Built-In Scripts Tutorial

As an administrator, you likely handle lots of tasks in your Jira instance. Many of these tasks can be a bit tedious. And like most of us, you want to make your life easier and handle more tasks automatically- that’s where ScriptRunner built-in scripts come in. While ScriptRunner provides extended functionality in many different ways, its built-in scripts offer several options to automate or simplify different processes in Jira. Also, built-in scripts, as their name indicates, are built into ScriptRunner, so you don’t need to work with Groovy to get them running.

Built-in scripts for the global Jira instance are part of the ScriptRunner functionality in the administration section of Jira. You access these global built-in scripts from the Built-in Scripts page (Administration > ScriptRunner > Built-In Scripts).

About built-in scripts

A ScriptRunner built-in script is a type of automated functionality that allows a Jira administrator to handle something quickly and automatically that would have been a manual process. These particular built-in scripts, found at the global level of ScriptRunner, help a Jira administrator handle tasks that would affect many projects or the whole Jira instance. For example, you can use the Bulk Import Custom Field Values built-in script to import several custom fields values or use the List Scheduled Jobs built-in script to see a list of all scheduled jobs for a Jira instance. There are other built-in scripts available as part of ScriptRunner functionality, specifically in workflow functions, but those are not accessible at the global administration level.

For each built-in script, you may need to update menu selections, or you may just need to run the script. In this example for the Bulk Fix Resolutions script, you do need to update a couple of menus to bulk change resolutions from one resolution status to another.

Why use a built-in script?

Built-in scripts allow you to automate actions that would otherwise be manual as well as provide you with quick information on some parts of your Jira instance. Because these scripts are built-in, they are an excellent way for Jira administrators without groovy knowledge to access functions through the user interface of Jira. There are also built-in scripts that extend some of the bulk edit functionality that you find in Jira, allowing you to quickly handle tasks such as changing a set of resolutions fields automatically saving you time and effort that you can put into other tasks.

Some other cool functionality available as built-in scripts include reviewing your script registry, viewing your server log files, and listing your scheduled jobs. While these built-in scripts don’t complete any actions, they allow you to review information about your system easily. For example, you can use Script Registry to view all Groovy scripts used across your Jira instance. So, if you need to audit your ScriptRunner use and see where both built-in scripts and custom Groovy scripts are used, you can do that with this built-in script. This built-in script provides a list of results broken into multiple tabs, with numbers indicating how many scripts are in use. This particular script could be useful if you want to quickly view where different ScriptRunner scripts are in action, as well as potentially identify problems in custom scripts.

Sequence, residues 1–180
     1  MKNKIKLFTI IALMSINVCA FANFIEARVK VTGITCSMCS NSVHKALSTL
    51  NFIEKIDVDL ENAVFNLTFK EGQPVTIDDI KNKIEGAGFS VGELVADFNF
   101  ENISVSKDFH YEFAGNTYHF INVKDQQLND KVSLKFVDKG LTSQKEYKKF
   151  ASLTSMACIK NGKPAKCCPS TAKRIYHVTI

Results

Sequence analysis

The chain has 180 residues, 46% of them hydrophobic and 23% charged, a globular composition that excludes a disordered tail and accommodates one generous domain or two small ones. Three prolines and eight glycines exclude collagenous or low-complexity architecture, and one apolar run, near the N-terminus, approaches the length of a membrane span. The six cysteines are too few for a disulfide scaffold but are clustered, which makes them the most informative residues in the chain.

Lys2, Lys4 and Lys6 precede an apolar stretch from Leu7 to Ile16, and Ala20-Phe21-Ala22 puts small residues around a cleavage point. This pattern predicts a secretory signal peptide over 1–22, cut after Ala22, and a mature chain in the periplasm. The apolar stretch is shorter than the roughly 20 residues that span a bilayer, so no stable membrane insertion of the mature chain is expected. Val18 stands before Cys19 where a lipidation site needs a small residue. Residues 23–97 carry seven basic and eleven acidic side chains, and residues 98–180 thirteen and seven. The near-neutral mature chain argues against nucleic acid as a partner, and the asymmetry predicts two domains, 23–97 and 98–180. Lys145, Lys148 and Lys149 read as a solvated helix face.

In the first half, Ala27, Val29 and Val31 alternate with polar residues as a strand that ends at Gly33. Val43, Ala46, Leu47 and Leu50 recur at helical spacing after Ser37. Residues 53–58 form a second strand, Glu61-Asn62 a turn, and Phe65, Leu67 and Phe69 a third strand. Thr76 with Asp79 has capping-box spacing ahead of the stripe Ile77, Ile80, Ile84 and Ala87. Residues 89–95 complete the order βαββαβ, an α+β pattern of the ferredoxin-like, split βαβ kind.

Available built-in scripts

We have developed a number of built-in scripts for you to use in your instance:

These built-in scripts are a mix of scripts that need you to enter some information, like a filter ID or a project key, and scripts that you can just run and see the output.

Built-in script examples

Bulk fix resolutions

Let’s check out the Bulk Fix Resolutions script to get an idea of how built-in scripts work.

At Great Adventure, the server team imported a project from their test instance, and their resolution status, Upgraded, didn’t carry over, so they need to change all Done statuses to Upgraded. This is causing problems for the project manager; her reports are incomplete. She could fix it manually, but that would take far too much time. You can easily run the Bulk Fix Resolutions script to correct the errors. This script will take the issues in a filter and alter their resolutions all at once.

  1. From ScriptRunner, go to Built-in Scripts.

  2. Select Bulk Fix Resolutions.

  3. Set the filter as appropriate, and choose the proper resolution. In the following image, the Filter ID field has a filter created to find all the issues that have been resolved incorrectly, and the New Resolution field is set as Upgraded.

  4. Select the Send mail checkbox if you want to send an email of this change.
  5. Select Run, and the results appear. This function can be extremely useful for a quick fix to multiple issues that have the incorrect resolution. If you wanted to ensure that this action was carried out on a regular basis, you could use the Escalation Service built-in script, which we’ll look at next.

View Server Log Files

Great Adventure has security policies in place to ensure that their server maintenance and Jira front-end administration are done by different individuals. This policy means that when the Jira admin is trying to troubleshoot, they need to contact the server administrator and request the logs. This means that the logs may be unavailable when needed in the moment. With ScriptRunner, you can use the View Server Log Files built-in script to view a number of lines in the -Jira.log files.

  1. From ScriptRunner, go to Built-in Scripts.
  2. Select View Server Log Files.

  3. Set the Log File and Number of Lines fields as desired and select Run.

  4. Once you run the built-in script, you can observe the logs.

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